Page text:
To summarize thus far, beta-endorphin is a multifunctional hormone that is derived from POMC. Most notably, it acts in response to stress and pain as an analgesic by binding to mu receptors on neurons involved in nociception. Naloxone is a potent inhibitor of both morphine and beta-endorphin because of its high affinity for opioid receptors.25


A recent study conducted by Varkey, Cider, Carlsson, and Lindy (2011)26 found that exercise, regular relaxation exercises, or the use of topiramate were equally effective in reducing the rate of migraines. Those participants in the exercise group exercised for 40 minutes three times a week. Therefore, exercise can be an effective intervention in the preventive treatment of migraines. Although engagement in regular exercise routinely is recommended as a means of managing and preventing migraine, the empirical support for this recommendation is well less than definitive, and we have at best a weak understanding of the relationship between aerobic exercise and migraine let alone the optimal parameters of exercise regimens for migraine (eg, when to recommend, who will benefit, level of anticipated benefit, optimal types and doses/intensities of exercise).27 These fundamental knowledge gaps critically limit our capacity to competently deploy exercise as an intervention for migraine. Definitive information is needed regarding the genuine and unique contributions of aerobic exercise for migraine management as well as the capacity for this intervention strategy to be administered as a complement to extant, well-validated pharmacologic and non-pharmacologic migraine therapies.28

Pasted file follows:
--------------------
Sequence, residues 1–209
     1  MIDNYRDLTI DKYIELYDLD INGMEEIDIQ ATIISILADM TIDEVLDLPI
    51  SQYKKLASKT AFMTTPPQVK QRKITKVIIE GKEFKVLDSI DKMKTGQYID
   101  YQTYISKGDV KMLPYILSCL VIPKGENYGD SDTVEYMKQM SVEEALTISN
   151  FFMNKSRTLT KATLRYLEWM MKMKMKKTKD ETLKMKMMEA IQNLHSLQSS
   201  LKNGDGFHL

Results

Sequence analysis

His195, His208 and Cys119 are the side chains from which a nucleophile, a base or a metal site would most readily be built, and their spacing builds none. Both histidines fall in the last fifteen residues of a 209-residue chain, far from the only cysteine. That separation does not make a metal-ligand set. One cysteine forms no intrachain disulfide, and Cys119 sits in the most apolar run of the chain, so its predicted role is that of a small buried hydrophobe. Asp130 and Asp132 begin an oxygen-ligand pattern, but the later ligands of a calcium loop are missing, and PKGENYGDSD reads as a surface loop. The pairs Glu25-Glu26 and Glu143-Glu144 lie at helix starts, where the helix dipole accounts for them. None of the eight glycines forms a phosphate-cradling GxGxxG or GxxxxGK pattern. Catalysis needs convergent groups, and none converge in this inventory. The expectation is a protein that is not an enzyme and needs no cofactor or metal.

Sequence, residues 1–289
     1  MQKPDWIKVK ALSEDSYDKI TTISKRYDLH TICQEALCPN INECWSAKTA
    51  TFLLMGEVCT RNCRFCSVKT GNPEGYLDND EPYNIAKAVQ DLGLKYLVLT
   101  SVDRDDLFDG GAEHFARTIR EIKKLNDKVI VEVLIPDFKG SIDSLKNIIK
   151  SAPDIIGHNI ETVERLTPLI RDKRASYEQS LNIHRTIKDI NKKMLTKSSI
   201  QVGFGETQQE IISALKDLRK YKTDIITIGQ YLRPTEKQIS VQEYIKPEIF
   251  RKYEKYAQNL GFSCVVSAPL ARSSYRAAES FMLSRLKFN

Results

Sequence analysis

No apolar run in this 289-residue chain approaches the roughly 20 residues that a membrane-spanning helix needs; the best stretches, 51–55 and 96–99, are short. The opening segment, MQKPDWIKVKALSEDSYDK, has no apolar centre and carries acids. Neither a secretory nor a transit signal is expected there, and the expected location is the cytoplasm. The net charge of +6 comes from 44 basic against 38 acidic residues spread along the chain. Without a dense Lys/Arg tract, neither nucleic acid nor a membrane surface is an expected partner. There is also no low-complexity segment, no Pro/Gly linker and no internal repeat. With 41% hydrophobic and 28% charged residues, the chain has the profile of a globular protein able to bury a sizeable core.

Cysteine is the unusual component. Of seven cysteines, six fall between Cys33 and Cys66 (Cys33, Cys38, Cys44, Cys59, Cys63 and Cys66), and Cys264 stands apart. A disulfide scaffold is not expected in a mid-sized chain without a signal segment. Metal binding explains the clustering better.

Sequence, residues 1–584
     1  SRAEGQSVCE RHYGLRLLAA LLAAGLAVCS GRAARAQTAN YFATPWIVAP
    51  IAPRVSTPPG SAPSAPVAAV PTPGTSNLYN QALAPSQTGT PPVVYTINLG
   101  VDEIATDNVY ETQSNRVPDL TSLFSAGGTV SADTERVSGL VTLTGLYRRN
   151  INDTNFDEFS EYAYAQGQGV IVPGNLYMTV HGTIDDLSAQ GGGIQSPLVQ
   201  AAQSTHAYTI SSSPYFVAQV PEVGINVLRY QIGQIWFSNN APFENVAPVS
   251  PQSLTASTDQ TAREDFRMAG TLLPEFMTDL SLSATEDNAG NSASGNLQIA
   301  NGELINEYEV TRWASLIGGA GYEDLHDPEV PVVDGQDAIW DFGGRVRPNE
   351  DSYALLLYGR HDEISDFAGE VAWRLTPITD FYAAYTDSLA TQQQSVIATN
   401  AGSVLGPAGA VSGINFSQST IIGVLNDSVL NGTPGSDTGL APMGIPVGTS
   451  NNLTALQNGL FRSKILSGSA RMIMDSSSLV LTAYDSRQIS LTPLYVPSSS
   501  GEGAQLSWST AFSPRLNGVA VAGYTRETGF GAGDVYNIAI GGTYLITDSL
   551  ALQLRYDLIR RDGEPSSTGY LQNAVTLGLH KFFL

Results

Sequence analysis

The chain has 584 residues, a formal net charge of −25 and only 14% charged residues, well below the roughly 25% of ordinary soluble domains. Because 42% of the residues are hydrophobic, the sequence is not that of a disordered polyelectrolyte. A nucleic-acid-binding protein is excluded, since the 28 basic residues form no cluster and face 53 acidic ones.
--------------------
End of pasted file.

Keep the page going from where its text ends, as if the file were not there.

It’s a natural pain reliever:

Sex causes increased production of oxytocin, which is often referred to as the “love hormone”.  Before orgasm, oxytocin, released from the brain, surges and is accompanied by the release of endorphins, our natural pain-killing hormones.29 The area of the brain involved in pain reduction is highly activated during arousal and endorphins are released; endorphins soothe nerve impulses that cause menstrual cramps, migraines or joint pain. Oxytocin also affects the way we feel, helping us form strong emotional bonds as well as reduce pain.30 According to a study by Beverly Whipple, professor emeritus at Rutgers University and a famed sexologist and author, when women have an orgasm, pain tolerance threshold and pain detection threshold increases significantly, by up to 74.6 percent and 106.7 percent respectively.31


It’s a stress reliever:

The endorphins released during sexual intercourse and orgasms are natural mood-boosters and stress relievers. Regular sex can also boost your self-esteem and increase intimacy between partners. For those in a monogamous relationship, studies have found that semen does contain several mood-altering hormones that can reduce depression and elevated mood.